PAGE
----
3. Messianic Jews are people of Jewish heritage who maintain their Jewish identity and acknowledge Yeshua as the Messiah.
Differences between Messianic Jews and Christians:
Once you understand the history of Judaism, Christianity, and Messianic Judaism, you can begin to dive deeper into the similarities and differences between Messianic Jews and Christians. Here are a few of the major differences between the two.
Messianic Jews and Christians both embrace the entire Hebrew Bible and the New Testament as Spirit-inspired Holy Writ. However, many Messianic Jews continue to live by the first five books of the Bible, called the Torah, something most Christians do not do.
Messianic Jewish people observe the Sabbath, or Shabbat, during the traditional Jewish time starting before sunset on Friday evening until Saturday night. While there are several theories on when the Christian church deviated from the traditional Jewish day of Shabbat, Christians have been observing the Sabbath on Sundays since the second century.
Christians observe holidays that are disconnected from the Bible, like Christmas and Easter Sunday. While Christmas celebrates the birth of Jesus (Yeshua) and Easter Sunday celebrates His resurrection, the timing of these holidays historically corresponds with pagan holidays. Messianic Jewish people also observe the resurrection of Yeshua from the dead, believing His resurrection is evidence of His finished work in conquering sin and death for us. . Messianic Jews generally celebrate Yeshua’s resurrection on the first day of the Week of Unleavened Bread, also called Passover. Additionally, Messianic Jews observe the traditional Jewish holidays and feasts such as Purim, Chanukah, the Day of Atonement (Yom Kippur), Feast of Trumpets (Rosh Hashanah), and the Feast of Booths (Sukkot).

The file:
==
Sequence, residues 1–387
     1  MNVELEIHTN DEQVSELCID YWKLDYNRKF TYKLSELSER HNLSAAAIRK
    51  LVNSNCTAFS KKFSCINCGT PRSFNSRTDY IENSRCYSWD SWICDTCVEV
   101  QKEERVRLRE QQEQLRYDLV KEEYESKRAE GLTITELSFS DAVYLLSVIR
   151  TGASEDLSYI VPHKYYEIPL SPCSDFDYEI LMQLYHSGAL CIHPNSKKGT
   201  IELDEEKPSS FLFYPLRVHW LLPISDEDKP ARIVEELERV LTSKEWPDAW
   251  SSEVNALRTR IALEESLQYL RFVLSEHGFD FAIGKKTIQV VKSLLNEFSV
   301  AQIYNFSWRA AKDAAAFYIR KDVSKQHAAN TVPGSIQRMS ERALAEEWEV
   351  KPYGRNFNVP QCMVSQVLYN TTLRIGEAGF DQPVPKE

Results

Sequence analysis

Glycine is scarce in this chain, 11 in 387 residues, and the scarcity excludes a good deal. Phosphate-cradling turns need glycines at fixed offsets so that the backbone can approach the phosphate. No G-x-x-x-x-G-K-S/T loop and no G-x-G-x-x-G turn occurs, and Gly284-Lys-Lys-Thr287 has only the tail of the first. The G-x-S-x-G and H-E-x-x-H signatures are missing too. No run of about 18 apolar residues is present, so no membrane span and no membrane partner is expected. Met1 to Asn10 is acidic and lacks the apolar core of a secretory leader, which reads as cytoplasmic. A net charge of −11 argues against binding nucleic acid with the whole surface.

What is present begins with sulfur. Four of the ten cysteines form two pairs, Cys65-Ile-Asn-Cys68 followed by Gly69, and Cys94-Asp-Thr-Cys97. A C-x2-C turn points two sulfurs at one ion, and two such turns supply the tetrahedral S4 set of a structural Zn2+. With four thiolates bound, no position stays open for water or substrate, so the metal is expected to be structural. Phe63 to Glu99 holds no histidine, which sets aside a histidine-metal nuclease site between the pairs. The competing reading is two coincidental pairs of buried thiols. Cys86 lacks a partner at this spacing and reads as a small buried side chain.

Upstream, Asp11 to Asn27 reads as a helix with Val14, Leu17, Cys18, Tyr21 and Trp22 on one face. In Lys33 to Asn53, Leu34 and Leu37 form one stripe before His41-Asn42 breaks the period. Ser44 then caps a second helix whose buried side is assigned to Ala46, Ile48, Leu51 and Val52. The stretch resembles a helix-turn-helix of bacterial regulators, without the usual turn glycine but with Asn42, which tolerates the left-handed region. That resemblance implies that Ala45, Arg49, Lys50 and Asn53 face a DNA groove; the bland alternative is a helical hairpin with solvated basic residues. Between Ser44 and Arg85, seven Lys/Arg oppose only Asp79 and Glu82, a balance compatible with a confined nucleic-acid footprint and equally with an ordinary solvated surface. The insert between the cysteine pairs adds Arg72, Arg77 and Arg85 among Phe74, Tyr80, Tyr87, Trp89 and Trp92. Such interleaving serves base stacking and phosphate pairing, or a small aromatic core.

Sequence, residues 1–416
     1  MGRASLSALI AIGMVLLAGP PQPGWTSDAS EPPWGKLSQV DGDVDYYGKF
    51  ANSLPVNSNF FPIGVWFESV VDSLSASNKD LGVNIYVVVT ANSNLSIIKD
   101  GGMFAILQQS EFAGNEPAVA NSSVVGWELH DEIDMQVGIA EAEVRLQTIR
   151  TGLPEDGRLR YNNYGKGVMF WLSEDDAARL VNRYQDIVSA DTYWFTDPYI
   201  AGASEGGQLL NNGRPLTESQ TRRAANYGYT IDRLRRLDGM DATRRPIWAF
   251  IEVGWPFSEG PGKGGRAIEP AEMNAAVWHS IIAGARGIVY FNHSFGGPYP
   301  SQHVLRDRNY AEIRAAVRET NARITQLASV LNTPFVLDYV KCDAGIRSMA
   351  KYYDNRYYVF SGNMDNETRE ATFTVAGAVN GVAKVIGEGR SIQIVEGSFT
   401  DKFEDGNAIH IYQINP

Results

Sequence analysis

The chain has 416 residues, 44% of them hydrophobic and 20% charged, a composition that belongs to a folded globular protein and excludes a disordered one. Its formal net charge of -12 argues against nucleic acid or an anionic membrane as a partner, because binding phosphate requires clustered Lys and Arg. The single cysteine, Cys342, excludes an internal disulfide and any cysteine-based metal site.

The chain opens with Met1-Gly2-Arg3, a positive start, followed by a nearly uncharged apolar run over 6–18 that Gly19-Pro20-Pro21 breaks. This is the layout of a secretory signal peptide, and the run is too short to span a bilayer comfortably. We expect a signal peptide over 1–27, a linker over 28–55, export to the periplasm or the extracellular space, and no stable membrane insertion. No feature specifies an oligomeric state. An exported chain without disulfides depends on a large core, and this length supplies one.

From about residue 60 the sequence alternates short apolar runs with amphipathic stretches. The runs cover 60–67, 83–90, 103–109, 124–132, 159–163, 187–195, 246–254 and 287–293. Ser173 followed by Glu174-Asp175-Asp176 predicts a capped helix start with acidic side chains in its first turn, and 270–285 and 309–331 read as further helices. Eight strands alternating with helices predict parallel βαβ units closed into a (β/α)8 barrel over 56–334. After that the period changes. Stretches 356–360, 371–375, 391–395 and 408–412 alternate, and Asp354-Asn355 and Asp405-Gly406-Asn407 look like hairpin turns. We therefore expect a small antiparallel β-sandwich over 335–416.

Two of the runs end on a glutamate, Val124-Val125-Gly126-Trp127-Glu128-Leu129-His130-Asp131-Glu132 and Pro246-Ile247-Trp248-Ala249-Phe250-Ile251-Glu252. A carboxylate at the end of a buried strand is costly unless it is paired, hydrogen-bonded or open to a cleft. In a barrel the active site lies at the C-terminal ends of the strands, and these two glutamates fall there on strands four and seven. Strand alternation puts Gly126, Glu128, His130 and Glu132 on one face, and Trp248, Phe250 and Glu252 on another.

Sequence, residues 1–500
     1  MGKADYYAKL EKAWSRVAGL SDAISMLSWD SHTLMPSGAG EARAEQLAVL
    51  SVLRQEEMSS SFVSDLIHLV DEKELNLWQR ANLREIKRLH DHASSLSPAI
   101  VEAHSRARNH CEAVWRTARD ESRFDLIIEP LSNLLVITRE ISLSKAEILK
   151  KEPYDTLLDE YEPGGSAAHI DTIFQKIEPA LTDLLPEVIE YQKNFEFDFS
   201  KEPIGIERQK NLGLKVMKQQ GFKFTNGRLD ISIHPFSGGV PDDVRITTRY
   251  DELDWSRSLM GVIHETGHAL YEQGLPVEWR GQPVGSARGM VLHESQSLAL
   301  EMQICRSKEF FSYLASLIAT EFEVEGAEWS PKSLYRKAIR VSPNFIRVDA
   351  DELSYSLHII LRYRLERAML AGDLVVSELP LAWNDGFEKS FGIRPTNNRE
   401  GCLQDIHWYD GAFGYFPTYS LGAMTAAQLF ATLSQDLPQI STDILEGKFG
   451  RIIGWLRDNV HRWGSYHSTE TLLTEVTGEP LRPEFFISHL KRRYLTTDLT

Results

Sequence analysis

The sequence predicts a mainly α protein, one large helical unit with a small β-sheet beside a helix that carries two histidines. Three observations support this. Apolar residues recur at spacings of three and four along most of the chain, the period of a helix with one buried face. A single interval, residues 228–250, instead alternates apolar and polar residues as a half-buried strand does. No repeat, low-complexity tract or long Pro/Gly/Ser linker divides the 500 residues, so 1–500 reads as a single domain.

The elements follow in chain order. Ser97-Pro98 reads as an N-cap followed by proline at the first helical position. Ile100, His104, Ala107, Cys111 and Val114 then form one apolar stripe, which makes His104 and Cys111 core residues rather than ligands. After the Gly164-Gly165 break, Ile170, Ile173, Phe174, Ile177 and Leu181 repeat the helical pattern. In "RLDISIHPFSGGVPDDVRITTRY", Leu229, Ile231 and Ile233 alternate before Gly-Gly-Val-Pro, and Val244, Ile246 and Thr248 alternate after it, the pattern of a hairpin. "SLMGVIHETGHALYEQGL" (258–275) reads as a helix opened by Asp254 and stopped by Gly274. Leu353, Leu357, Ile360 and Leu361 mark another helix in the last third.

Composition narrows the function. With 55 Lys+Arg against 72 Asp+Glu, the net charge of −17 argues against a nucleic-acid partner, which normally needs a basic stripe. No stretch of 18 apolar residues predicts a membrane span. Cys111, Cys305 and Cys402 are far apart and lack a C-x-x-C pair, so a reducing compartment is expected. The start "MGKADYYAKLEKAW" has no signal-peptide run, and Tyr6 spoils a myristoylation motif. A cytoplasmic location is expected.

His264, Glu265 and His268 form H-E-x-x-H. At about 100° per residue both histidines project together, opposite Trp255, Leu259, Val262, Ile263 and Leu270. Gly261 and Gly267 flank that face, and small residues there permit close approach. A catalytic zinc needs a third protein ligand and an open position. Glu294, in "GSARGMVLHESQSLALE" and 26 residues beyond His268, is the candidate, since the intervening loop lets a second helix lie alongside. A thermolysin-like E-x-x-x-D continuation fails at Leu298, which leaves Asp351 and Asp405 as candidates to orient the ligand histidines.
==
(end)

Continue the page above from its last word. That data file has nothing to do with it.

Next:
Most Christians do not observe the biblical commandments regarding dietary practices. These include the avoidance of scavengers of land or sea, with the exception of mammals that both chew the cud and have hooves, like sheep, goats, and deer. For many Messianic Jewish people, the basic biblical commandments found in the Torah are still observed. This observance enables Messianic Jewish people to maintain their God-given identities as Jews.
The Messiah and the Jewish People
While there are many similarities between Messianic Judaism, Christianity, and Judaism, Messianic Jewish people embrace their Jewish heritage, while believing that Yeshua is the Messiah, the promised Redeemer of Israel and all of mankind.
Credit to Jewish Voice
You probably have seen lots of books on apologetics, but you have no idea which ones to read. Here is a basic list of great books to start off with.
1) I Don’t Have Enough Faith to Be An Atheist – Geisler & Turek
2) The Case for the Resurrection of Jesus – Habermas & Licona
3) 20 Compelling Evidences that God Exists – Ken Boa & Rob Bowman (review)
4) C.S. Lewis: Mere Christianity
5) Tactics: A Game Plan for Discussing Your Christian Convictions – Greg Koukl
The Bar Mitzvah
10:30 to 1:30pm
Food will be provided after.
WHEN: January 20th at 6:00pm
WHERE: Beth Messiah Congregation
WHO: This movie is not recommended for children.
WHAT: We will be watching the movie "Tortured for Christ"